Colombia Peace Update: September 4, 2021

Security deteriorates along the Colombia-Venezuela border

The ELN’s “Camilo Torres Urban Warfare Front” took credit for a bomb that detonated outside a police station in Cúcuta, the largest city along Colombia’s border with Venezuela, on the morning of August 30. The device wounded 14 people, among them 12 police, in Cúcuta’s Atalaya neighborhood.

“Cúcuta is subject to these types of terrorist acts and violence in its rural zones due to the presence of no less than 20 foreign criminal groups,” said Jairo Tomás Yáñez, the mayor of the city of half a million people. While Venezuelan organized crime operates in the area, particularly a band calling itself the Tren de Aragua, it’s not clear why the mayor would have specified “foreign” groups. Colombian groups active in Cúcuta, the conflictive nearby Catatumbo region, and on the Venezuelan side of the border include the ELN, ex-FARC dissidents, at least two groups descended from the paramilitary networks of the 1990s and 2000s (the Gulf Clan and Rastrojos), a criminal group descended from the long-demobilized EPL guerrillas which the government calls the “Pelusos,” and smaller local bands.

The latest attack follows two high-profile events in June: a car bomb on the premises of the Army’s 30th Brigade headquarters in Cúcuta on June 15, and President Iván Duque’s helicopter being hit by gunfire as it overflew the region 10 days later. Colombia’s Prosecutor-General (Fiscalía) has arrested and charged several people, including a former Army captain, for both crimes, alleging their affiliation with the “33rd Front” ex-FARC dissident group.

These incidents, including the August 21 killing of the vice president of a Junta de Acción Comunal (local advisory board) in rural Cúcuta, “are a small sample of the complexity that the area is experiencing,” warns a Peace and Reconciliation Foundation analysis of Cúcuta, which sees the situation worsening as Colombia’s 2022 presidential and congressional elections draw near. “Some of the factors affecting this reality have to do with the closing of the border [both during and before the pandemic], the reconfiguration of armed actors, and the increase in cocaine cultivation and processing” in this region, “a zone without the rule of law or institutional presence.”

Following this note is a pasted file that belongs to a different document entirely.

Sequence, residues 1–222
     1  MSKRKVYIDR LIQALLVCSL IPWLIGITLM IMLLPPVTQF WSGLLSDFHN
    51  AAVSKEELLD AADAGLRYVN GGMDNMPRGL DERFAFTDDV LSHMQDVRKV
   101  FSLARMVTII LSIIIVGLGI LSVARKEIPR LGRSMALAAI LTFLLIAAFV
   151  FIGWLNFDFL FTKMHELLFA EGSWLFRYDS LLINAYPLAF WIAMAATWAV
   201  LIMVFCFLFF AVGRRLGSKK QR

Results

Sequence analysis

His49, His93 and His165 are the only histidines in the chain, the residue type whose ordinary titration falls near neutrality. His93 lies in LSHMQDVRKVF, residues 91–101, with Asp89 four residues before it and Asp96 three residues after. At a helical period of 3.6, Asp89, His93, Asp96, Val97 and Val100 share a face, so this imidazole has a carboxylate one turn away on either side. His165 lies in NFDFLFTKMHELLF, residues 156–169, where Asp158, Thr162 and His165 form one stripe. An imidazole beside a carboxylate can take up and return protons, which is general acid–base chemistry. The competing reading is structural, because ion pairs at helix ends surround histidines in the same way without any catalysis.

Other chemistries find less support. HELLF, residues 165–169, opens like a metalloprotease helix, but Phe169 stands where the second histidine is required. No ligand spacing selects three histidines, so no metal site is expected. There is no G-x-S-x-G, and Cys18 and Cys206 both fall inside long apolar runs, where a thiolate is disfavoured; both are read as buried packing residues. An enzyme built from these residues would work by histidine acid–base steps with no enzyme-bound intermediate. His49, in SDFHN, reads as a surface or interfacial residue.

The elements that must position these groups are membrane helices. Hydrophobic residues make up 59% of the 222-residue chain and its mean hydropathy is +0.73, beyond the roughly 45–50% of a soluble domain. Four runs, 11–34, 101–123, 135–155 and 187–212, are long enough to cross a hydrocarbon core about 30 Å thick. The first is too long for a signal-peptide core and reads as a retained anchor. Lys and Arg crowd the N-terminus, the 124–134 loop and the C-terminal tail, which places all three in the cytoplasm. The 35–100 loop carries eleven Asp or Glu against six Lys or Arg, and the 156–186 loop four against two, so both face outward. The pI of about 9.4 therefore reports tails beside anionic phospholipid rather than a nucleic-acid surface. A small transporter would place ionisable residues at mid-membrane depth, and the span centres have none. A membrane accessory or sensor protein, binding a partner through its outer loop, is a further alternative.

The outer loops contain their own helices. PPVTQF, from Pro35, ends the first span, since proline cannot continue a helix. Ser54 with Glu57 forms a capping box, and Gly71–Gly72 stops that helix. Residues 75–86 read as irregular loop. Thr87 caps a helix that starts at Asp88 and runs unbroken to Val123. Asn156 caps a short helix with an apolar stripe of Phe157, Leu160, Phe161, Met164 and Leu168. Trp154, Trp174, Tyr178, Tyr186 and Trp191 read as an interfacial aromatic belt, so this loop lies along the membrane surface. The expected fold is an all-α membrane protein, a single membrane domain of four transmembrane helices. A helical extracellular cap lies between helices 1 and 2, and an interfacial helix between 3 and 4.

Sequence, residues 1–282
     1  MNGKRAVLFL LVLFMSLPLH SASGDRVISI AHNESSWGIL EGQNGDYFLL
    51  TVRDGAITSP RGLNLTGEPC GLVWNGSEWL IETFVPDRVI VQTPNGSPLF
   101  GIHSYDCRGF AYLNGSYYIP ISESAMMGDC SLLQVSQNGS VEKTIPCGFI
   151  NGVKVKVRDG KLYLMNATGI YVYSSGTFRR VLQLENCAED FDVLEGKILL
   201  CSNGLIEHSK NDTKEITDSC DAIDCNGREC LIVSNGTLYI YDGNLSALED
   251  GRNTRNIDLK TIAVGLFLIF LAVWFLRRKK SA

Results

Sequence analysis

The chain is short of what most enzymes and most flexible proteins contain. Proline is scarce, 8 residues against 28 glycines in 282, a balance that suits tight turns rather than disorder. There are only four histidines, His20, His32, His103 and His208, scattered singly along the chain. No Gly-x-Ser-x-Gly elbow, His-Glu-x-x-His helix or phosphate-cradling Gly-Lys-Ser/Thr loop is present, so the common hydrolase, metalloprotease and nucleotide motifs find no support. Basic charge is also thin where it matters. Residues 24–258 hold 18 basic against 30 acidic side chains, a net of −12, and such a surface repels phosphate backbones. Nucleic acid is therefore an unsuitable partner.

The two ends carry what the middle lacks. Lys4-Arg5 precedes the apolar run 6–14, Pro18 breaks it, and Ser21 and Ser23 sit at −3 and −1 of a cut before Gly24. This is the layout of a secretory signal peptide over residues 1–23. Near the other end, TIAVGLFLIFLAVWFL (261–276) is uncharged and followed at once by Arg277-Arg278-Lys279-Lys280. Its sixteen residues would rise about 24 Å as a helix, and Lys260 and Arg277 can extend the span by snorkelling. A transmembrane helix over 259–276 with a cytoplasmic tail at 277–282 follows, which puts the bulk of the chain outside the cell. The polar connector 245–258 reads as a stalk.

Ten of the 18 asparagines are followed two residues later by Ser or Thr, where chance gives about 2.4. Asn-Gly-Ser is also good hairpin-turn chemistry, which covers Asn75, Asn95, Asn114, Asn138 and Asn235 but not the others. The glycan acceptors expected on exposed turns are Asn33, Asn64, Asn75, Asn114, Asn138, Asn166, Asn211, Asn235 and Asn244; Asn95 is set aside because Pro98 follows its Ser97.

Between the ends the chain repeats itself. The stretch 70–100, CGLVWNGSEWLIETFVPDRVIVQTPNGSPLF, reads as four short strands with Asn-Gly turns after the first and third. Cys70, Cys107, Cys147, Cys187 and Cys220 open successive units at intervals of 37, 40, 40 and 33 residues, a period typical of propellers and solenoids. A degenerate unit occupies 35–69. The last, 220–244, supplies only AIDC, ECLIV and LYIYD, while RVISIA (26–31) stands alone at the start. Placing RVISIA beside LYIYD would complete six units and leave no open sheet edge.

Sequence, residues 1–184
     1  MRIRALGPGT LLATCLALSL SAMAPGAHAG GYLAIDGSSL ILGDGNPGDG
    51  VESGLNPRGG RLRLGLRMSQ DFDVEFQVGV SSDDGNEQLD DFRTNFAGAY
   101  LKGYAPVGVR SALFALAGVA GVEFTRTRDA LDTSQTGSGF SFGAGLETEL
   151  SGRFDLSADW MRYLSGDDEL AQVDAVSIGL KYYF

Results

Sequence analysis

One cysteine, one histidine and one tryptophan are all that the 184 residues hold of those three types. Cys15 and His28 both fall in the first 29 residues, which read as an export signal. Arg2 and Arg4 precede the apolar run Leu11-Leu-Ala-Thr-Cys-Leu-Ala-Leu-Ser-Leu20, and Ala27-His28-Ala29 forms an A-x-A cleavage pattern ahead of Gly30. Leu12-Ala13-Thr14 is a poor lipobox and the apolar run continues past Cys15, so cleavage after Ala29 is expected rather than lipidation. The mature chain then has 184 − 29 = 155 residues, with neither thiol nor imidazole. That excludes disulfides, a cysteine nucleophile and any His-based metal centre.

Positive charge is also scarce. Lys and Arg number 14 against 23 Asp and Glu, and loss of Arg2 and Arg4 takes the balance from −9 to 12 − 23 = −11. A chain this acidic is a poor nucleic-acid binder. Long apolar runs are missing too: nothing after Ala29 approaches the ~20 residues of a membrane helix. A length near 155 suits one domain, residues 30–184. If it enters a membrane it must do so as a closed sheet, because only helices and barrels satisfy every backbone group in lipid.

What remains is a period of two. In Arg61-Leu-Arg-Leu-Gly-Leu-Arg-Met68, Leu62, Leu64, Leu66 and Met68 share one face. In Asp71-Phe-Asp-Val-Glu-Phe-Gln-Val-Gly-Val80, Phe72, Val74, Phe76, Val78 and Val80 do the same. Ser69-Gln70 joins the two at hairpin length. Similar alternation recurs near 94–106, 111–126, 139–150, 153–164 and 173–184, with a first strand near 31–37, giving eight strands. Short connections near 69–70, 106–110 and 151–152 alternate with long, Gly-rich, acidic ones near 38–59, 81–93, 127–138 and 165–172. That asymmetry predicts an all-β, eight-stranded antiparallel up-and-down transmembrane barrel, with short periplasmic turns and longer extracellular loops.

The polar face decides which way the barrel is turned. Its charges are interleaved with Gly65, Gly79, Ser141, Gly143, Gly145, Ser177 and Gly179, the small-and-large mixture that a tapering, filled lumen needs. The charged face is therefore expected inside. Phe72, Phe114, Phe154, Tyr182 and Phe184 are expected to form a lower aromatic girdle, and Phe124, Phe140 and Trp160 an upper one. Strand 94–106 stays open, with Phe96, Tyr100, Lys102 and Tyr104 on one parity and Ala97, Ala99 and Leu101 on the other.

Cúcuta, the capital of Norte de Santander department, is just south of Norte de Santander’s Catatumbo enclave, a cluster of about a dozen barely governed municipalities that currently grows more coca than any other region of Colombia. The region “effectively exists outside the presence of the Colombian state,” reads an analysis by Joshua Collins at The New Humanitarian. Catatumbo has easy access to Venezuela through the large border municipality of Tibú and the presence of all of the above-mentioned armed groups, while one of Colombia’s main oil pipelines (the Caño Limón-Coveñas) runs across its territory.

Catatumbo has strong campesino, Indigenous, and other organizations, including eight former FARC women, profiled this week in a lengthy Vorágine article, leading local reintegration efforts near the site where they demobilized. It has always been a dangerous place to be a social leader, though. This week, the “Madres del Catatumbo por la Paz,” a women’s organization, denounced that its entire leadership had received new and serious threats.

South and east of Norte de Santander, the oil-producing border department of Arauca is also seeing increased tensions. The department has been under heavy ELN influence since the 1980s, endured a bloody mini-war between the ELN and FARC in the 2000s, and is now seeing a growing presence of ex-FARC dissidents. In Saravena, Arauca’s westernmost border municipality, members of an armed group this week stopped employees of the Unit for the Search for the Disappeared (UBPD, an agency created by the 2016 peace accord) and demanded that they hand over their official vehicle. Municipal authorities meanwhile held an “extraordinary security meeting” after an ex-FARC dissident group calling itself the 28th Front threatened local Indigenous communities, accusing them of petty theft.

An internal dispute between leaders of the 10th Front, a large and fast-growing ex-FARC dissident group, brought a jump in homicides in Arauca in August: at least 28 in a department of 230,000 people. La Silla Vacía notes how the dissidents have increased their territorial control on the Venezuelan side of the Arauca river. Across from the departmental capital, “We can stop at the river’s edge and look them in the face,” said Arauca’s chief of police.